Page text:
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"Now That's Really Living"

Editorial 

"Now That's Really Living" 

by Paul Chaffee

  Photo:    iTunes

Photo: iTunes

Nearly 200 singers and musicians filled more than half the sanctuary of Bangkok’s International Church for a rehearsal of Haydn’s Creation, a magnificent oratorio. I was 14, recently a boy soprano, now for the first time delighted to be singing with the basses.

“The heavens are telling the glory of God” came near the end of the rehearsal. Tough passages got particular attention, then parts together, and then tutti, the full orchestra and choir. Finally we sang it through, the strings dancing around the choir, the trumpets a high a cappella, together reaching a crescendo that had the rafters shaking. Afterwards, standing in the courtyard, speaking with several of my elders, I volunteered – “Now that’s really living!” They chuckled at my childish joy, a joy I feel to this day.

Some 40 years later I observed to my mother, who had been the conductor that night, that it was truly an interfaith event. She stared at me blankly. That had not been the intention. But musicians in Bangkok had all been invited, and many came – Protestants, Catholics, Buddhists, Western ex-pats, the faithful from many traditions and the unchurched. My parents were missionaries, but the Bangkok Combined Choir was not a Christian organization; it was an interreligious musical organization. Most of the orchestra that night was Buddhist, musicians happy to support a performance of Haydn’s choral masterpiece. Reflecting on our interfaith diversity that night half a century ago makes a happy memory even better.

All of us, I suspect, have had powerful, breakthrough experiences not only with music but with storytelling, poetry, dance, theater, film, art, and crafts. If it’s been a long time since that has happened to you, check out the five-minute video on your right. It's a performance by thousands of Jews and Muslims in Haifa, Israel, after one hour of rehearsal. They sing the song “One Day,” all about joy for what can be.

Then when the imagination, disciplined in one or several expressions, really goes after social justice and explores spirituality and nurtures our deepest relationships, we pay attention. The experience is physiological and emotional and spiritual as well as intellectual, providing a deeper understanding. I was startled but not really surprised to learn, several years ago, that choirs, within five or ten minutes of singing together, assume the same heartbeat rate. The special gifts from the arts are what TIO is about this month. Enjoy.

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Dedicating this Issue to Carlos Rodriquez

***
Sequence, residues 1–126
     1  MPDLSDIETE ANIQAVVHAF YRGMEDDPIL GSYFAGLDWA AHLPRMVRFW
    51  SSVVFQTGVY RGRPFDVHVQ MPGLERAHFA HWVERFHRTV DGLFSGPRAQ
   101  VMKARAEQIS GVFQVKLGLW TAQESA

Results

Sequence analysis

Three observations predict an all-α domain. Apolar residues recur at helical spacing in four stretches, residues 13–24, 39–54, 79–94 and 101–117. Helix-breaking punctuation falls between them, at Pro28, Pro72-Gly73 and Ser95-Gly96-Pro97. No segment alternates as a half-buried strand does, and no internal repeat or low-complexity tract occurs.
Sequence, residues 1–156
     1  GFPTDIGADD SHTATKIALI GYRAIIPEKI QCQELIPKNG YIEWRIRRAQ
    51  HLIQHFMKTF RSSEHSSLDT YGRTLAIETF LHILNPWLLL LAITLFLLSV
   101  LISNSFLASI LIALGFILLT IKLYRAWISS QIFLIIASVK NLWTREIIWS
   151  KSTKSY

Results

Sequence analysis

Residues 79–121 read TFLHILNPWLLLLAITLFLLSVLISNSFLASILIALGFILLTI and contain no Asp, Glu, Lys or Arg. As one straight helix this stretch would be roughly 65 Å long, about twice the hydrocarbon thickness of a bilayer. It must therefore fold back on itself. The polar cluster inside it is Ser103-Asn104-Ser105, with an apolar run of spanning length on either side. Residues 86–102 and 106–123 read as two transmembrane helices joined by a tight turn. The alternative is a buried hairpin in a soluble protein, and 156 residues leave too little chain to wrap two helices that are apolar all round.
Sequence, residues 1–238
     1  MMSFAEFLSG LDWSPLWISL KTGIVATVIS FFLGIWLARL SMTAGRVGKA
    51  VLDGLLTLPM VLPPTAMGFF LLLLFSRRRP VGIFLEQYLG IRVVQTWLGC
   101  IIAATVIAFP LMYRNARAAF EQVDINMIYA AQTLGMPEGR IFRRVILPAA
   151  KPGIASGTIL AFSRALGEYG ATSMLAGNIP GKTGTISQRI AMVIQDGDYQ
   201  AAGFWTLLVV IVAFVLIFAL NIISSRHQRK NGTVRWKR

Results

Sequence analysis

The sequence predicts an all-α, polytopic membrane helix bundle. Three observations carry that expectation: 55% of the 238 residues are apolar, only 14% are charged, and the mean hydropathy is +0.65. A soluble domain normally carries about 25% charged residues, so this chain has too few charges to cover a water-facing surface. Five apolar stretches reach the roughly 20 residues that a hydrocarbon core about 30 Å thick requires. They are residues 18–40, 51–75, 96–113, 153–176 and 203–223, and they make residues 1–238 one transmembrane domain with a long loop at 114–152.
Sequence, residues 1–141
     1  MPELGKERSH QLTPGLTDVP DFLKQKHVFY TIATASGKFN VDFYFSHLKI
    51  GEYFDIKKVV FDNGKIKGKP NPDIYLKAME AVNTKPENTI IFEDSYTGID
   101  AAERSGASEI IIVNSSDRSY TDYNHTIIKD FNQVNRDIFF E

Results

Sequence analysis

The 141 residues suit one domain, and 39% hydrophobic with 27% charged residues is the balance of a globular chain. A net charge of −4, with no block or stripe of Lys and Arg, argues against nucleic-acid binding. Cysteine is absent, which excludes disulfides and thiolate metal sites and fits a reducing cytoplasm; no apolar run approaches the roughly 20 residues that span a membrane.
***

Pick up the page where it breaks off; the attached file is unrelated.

Carlos Rodriquez, a quantum physicist, mystic, businessman, and pioneering interfaith leader in Mexico and Latin America, died earlier this month. Carlos was president and co-founder of the Carpe Diem Interfaith Foundation in Guadalajara. Though few in Canada and the United States realize it, Latin America is rich in interfaith activities, and Carpe Diem has been one of its interfaith leaders. When, after nearly 30 years, the North American Interfaith Network ventured into Mexico for the 2016 NAINConnect, it succeeded largely on the programming, hospitality, and the hard work of Carlos, his colleague Gabriela Franco, and their team. It was the first fully bilingual interfaith conference in North America, a major achievement. Carpe Diem’s interfaith programs over the past decade have drawn more people than any others in North America save the Parliament of the World’s Religions, which has been a Carpe Diem partner in Mexico.

  Carlos Rodriquez – Photo: Carpe Diem Foundation

Carlos Rodriquez – Photo: Carpe Diem Foundation

The NAIN event two years ago in Guadalajara was like many other large, successful interfaith conventions, but so much more. It was a symphony for the senses and spirit with more music, more dancing, more color and ritual, and plenty to think about. Plus much more emphasis on indigenous traditions and their troubled relationships with institutional traditions, particularly Roman Catholicism. For all of this we can thank Carlos and the colleagues he inspired.

He was a gentle, modest man, a visionary with a fabulous sense of humor, who brought vibrancy and life to interfaith relationships. This issue of The Interfaith Observer, focusing on how the arts can communicate and promote interfaith culture, is dedicated to our friend and exemplar, Carlos Rodriquez, who knew so much about the matter.